Sweet Sugar


“Sugar gets what she wants … when she wants it! Her machete isn’t her only weapon!”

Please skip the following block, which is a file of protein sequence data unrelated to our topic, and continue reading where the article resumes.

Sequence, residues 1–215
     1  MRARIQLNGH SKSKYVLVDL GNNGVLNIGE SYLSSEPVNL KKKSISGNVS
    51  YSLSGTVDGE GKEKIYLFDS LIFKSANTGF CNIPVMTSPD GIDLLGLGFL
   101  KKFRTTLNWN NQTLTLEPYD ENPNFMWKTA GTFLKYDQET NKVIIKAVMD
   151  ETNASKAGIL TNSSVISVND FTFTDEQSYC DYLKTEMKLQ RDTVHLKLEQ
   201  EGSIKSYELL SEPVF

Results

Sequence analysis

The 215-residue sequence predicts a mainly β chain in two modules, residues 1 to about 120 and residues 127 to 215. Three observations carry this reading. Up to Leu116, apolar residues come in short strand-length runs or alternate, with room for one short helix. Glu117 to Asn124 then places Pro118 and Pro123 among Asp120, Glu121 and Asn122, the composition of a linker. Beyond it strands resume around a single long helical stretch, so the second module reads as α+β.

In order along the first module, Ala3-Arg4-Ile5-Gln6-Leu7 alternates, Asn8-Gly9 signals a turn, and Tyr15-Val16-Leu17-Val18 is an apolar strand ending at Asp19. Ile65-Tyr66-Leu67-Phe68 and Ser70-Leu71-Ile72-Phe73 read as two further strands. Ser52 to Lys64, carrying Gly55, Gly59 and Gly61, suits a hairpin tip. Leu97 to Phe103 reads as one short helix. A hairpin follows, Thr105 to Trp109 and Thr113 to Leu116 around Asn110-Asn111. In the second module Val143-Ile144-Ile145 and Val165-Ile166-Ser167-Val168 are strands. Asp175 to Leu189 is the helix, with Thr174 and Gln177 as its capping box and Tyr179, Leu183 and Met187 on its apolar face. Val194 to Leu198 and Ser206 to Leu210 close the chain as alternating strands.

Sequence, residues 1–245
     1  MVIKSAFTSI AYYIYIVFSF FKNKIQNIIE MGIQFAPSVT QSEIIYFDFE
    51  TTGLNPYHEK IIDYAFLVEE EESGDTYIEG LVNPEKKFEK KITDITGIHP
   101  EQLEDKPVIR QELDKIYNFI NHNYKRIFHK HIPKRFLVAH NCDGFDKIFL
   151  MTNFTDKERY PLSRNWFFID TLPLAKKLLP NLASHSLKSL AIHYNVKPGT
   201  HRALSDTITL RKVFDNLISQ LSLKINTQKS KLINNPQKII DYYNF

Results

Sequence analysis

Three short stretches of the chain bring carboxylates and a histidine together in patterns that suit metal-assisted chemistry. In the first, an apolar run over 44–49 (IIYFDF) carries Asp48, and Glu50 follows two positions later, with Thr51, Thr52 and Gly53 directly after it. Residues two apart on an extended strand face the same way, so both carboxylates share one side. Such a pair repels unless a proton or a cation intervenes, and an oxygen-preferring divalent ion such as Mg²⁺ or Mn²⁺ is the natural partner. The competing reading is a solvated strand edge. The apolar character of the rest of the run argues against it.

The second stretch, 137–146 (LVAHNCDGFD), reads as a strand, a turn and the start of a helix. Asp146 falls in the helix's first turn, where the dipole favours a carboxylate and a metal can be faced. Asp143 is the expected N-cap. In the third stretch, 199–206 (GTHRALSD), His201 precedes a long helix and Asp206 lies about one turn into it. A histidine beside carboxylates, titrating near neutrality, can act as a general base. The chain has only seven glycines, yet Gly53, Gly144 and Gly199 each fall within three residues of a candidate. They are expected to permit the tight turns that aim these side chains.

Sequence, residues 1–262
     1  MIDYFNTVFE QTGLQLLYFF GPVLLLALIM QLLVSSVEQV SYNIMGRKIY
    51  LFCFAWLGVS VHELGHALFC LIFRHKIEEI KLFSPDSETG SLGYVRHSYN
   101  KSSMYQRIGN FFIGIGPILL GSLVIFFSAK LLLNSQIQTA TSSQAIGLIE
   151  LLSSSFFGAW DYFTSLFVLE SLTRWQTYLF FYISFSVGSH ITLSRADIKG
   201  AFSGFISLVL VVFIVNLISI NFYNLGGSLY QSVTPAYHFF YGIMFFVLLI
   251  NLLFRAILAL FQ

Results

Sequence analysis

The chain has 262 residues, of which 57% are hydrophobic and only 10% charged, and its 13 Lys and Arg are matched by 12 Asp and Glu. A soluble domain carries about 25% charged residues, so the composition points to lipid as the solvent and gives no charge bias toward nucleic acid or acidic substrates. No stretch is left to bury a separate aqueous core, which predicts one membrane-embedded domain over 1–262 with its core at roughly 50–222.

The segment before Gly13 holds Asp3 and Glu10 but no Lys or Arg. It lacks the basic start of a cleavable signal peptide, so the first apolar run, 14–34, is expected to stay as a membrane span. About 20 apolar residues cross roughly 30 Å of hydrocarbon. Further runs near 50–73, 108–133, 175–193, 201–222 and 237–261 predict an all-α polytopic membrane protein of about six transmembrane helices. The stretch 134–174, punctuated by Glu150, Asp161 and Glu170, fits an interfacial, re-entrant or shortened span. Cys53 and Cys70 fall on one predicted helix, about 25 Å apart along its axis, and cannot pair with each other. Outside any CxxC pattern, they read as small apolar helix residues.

Being a sarcastic prostitute named Sugar may not be the greatest gig on Earth, but when you’re also convicted of a crime you didn’t commit and sentenced to hard labor chopping down sugar cane with a large machete in the middle of the steamy jungle, it can be downright annoying! Such is the tale of Sweet Sugar, one of the earliest, and most wickedly absurd, “chicks in chains” flicks of the ‘70s, featuring everything from topless food fights and killer kitty cats to mad scientists and freaky voodoo rituals! High class call girl Sugar (played by the hilariously arch ‘70s sexpot Phyllis Davis, star of Russ Meyer’s Beyond the Valley of the Dolls) has a body guaranteed to knock anyone’s shoes, socks and toe fungus off. But when she gets set up by a corrupt politician and falsely sent to a jungle prison work camp in a vicious third world country, she’s going to have to use both her body AND her brains to escape. Unfortunately, when she’s not whacking down sugar cane under the hot sun, the sweaty guards and even sweatier convicts in the co-ed camp make things even tougher on poor Sugar. But our plucky heroine has a secret plan, and not even the camp’s resident mad scientist (who enjoys bragging about his private parts while injecting the lady prisoners with rabies), or a sexy, muscle-bound voodoo priest named Mojo (played by football player-turned actor Timothy Brown, who later went on to star in Robert Altman’s Nashville) are gonna get in her way! Packed with tons of action, violence, humor and bare breasts, this is one of the most purely entertaining entries in the early ‘70s “women in the jungle” sweepstakes, featuring what has to rank as one of the most absurd scenes in movie history, involving a bamboo cage full of terrified female prisoners and a bunch of psychotic tabby cats. Sweet, indeed. (Dir. by Michael Levesque, 1972, 88 min., Rated R) Digital Presentation